- Mark Kreidler, Page 2
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Based strictly upon what we already know, this feels like a good time to reiterate that there are a few things most of us would rather not have come out of an athlete's mouth: (1) the suggestion that God favored him over his opponent; (2) all references to oneself in the third person, e.g., "Sergio Garcia knows that Sergio Garcia can spit directly into the bottom of a cup even on a windy day at Doral"; and (3) frankly, Sergio Garcia's spit.
But beyond the basics of Garcia's gag-inducing moment on national television over the weekend, there looms a more interesting -- and much drier -- question: Is this really the upper limit on Sergio?
Bear with me. We'll resist the easy cheap shots that automatically dribble forth (sorry) after seeing Garcia literally spit into the pin cup after retrieving his ball at the 13th hole during the third round of the CA Championship. Let's go with Tiger Woods' succinct summation of the event: Mostly, it was just a golfer temperamentally acting out his disgust at missing a makeable par putt. Stupid, sure. Unhygienic, no question. But it was essentially only a moment.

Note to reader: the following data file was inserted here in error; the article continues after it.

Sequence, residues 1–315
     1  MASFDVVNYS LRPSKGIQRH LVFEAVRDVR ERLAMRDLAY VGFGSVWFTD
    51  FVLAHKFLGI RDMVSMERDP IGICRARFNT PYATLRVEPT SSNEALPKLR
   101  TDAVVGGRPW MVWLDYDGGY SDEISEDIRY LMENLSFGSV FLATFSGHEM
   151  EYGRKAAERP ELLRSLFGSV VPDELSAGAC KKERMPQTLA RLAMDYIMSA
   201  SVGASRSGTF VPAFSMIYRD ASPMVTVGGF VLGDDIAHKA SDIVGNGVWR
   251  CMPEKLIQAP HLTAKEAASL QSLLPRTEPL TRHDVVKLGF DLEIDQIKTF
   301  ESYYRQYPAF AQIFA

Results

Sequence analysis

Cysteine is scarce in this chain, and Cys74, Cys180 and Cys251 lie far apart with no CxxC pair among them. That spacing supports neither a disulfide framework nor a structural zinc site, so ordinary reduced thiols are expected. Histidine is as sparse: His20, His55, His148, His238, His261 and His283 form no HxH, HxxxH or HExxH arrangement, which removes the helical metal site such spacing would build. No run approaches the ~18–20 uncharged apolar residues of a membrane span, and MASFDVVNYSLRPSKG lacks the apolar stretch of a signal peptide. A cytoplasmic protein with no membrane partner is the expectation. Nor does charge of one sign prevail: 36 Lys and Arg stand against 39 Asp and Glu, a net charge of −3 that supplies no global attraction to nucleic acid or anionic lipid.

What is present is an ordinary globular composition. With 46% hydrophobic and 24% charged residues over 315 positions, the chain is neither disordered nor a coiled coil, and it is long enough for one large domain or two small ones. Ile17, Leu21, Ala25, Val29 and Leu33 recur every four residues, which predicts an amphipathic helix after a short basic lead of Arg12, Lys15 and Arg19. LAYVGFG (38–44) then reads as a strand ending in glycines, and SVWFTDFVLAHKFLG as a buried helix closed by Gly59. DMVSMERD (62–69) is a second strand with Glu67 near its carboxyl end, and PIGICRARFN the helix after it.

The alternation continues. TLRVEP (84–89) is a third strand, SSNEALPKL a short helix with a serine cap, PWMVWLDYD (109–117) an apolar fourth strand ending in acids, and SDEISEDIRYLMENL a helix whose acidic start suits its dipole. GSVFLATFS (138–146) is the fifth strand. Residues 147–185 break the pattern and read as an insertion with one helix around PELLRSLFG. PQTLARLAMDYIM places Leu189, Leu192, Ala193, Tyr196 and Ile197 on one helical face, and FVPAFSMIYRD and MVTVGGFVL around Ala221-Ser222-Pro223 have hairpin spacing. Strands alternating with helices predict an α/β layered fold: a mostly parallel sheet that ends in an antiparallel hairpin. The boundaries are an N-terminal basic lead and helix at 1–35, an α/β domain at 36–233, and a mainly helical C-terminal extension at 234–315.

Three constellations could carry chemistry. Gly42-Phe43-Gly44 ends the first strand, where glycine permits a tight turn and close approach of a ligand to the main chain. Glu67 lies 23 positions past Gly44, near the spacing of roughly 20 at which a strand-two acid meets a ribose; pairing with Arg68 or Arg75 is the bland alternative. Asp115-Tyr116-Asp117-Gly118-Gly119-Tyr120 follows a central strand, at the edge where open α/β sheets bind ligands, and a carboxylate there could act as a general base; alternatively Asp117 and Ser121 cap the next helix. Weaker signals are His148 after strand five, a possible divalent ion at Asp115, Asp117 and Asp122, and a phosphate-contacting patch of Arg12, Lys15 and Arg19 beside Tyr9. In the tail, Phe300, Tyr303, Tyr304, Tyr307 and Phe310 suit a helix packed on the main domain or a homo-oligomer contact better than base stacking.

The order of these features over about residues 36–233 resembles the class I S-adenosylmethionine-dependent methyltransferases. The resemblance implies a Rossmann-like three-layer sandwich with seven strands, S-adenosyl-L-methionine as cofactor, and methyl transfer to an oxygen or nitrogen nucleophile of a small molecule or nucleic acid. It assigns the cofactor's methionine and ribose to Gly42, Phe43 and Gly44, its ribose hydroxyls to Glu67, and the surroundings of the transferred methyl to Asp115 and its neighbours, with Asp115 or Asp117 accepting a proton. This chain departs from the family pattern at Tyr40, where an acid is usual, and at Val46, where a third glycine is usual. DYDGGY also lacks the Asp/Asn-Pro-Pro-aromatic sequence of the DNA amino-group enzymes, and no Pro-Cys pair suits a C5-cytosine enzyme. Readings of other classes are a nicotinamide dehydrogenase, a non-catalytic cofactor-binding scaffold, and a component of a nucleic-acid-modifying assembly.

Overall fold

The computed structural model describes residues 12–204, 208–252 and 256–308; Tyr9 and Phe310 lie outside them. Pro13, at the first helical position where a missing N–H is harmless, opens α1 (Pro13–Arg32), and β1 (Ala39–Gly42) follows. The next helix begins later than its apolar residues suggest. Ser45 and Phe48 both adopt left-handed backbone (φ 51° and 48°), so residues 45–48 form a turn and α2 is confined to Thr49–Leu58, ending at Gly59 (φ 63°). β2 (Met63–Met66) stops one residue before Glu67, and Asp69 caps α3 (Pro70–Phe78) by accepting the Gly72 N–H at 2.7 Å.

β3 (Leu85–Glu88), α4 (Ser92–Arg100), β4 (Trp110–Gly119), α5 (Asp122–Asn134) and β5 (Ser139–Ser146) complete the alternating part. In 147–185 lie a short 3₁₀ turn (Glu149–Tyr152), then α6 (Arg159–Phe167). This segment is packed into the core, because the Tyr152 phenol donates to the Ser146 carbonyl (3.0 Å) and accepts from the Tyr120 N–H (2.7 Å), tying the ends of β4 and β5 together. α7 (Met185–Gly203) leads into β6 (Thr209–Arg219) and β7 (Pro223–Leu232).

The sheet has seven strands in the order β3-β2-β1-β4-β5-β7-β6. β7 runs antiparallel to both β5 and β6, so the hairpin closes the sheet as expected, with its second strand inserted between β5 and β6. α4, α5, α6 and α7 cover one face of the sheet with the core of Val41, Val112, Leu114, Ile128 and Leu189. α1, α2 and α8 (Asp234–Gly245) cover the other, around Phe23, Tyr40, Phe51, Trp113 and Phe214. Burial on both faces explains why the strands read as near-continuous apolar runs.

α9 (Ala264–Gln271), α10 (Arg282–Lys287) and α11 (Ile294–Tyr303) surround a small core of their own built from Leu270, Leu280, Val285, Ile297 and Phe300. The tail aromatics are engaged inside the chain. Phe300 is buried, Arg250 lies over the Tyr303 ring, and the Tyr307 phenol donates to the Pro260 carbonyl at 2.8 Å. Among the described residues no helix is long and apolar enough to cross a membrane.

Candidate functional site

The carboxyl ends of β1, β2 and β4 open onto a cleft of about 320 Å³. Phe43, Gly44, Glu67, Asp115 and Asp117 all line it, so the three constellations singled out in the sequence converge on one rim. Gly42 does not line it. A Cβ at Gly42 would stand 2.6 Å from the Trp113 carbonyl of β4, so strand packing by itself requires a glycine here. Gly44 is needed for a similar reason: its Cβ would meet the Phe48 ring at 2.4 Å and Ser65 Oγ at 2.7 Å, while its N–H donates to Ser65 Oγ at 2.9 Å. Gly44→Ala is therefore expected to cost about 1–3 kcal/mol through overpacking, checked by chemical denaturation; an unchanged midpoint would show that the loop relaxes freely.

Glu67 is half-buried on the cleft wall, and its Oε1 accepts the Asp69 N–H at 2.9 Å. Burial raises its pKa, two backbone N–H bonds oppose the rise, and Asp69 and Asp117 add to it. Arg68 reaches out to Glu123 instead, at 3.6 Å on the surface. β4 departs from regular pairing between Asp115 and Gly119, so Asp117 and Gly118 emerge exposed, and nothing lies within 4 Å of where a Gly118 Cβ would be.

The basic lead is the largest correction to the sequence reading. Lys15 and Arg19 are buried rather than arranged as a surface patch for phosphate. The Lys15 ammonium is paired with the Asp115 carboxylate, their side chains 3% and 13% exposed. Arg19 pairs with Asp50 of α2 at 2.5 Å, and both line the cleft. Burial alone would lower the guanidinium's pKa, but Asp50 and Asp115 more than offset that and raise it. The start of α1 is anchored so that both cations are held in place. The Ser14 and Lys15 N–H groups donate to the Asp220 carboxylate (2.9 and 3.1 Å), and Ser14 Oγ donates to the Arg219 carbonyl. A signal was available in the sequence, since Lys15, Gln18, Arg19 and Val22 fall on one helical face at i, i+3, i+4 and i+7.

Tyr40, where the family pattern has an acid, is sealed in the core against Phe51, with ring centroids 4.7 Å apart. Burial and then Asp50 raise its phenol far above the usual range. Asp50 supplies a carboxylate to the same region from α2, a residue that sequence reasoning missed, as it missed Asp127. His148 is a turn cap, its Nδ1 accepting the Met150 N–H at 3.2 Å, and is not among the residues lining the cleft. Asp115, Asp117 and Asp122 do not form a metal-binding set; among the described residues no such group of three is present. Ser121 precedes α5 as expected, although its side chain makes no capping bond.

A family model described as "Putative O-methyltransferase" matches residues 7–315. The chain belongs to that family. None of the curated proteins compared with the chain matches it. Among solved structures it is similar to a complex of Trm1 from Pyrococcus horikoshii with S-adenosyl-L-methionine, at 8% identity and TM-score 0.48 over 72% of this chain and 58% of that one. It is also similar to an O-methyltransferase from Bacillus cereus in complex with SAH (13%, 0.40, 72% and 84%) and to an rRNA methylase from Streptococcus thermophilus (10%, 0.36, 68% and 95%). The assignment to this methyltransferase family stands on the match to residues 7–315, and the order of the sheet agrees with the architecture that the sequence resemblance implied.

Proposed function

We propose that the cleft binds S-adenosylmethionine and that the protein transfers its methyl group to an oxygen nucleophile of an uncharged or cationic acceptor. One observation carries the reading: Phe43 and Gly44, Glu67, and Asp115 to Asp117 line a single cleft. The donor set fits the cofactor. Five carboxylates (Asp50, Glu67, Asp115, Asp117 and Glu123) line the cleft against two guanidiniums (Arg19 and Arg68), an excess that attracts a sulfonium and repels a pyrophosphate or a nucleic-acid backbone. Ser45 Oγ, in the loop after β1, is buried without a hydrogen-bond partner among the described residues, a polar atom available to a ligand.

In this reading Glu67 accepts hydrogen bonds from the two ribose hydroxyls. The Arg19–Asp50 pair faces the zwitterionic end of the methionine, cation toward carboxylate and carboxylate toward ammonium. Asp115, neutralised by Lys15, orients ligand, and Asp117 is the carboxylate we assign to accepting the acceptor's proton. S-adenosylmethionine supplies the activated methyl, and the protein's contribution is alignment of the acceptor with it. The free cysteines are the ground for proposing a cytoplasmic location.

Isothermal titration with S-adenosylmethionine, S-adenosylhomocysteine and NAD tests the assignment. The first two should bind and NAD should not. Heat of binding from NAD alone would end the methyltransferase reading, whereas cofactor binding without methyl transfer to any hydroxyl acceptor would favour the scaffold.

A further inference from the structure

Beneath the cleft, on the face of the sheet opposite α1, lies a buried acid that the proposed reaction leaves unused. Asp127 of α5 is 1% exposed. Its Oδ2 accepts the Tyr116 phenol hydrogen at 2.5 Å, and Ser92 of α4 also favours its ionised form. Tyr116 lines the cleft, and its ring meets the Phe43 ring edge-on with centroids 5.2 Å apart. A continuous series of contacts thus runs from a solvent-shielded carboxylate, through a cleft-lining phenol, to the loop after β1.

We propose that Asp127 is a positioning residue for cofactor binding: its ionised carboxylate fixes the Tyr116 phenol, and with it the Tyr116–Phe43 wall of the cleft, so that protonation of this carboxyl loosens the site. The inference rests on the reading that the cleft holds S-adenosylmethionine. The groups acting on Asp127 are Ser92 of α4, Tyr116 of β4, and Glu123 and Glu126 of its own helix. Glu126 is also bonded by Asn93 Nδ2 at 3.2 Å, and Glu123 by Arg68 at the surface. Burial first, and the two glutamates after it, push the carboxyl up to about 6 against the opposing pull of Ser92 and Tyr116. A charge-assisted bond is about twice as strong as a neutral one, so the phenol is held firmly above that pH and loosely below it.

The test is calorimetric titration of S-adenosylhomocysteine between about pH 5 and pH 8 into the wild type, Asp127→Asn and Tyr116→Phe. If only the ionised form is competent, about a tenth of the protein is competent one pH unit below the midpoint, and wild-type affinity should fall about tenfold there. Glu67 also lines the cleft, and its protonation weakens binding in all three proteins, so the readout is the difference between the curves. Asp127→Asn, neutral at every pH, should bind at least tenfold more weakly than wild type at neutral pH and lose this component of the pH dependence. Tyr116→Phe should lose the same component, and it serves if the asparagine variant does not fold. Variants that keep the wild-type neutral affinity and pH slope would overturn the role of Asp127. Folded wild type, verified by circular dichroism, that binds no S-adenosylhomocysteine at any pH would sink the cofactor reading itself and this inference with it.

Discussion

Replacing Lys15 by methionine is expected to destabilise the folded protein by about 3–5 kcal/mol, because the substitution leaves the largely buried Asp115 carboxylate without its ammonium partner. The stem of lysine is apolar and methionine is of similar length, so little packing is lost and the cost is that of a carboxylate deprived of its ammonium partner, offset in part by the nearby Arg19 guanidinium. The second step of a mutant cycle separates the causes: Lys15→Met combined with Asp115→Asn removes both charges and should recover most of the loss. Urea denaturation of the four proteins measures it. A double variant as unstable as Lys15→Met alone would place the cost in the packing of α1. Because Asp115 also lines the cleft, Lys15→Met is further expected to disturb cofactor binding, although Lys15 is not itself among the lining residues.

The problem for Garcia, or at least the larger observation, is that this is what his career has become: a series of competent and often elevated rounds of golf occasionally punctuated by a classically childish act. He is a player of inarguable talent and mass appeal who, eight years after turning pro, has not yet even really approached the point of leveraging that talent into a memorable career. And it's very likely that, in Saturday's spit storm, the national TV audience saw exactly why that is so.
And ain't it a shame? The man should be taking on Woods at every stop on the globe. Instead, he's spitting into empty cups. There must be an allegory in there somewhere.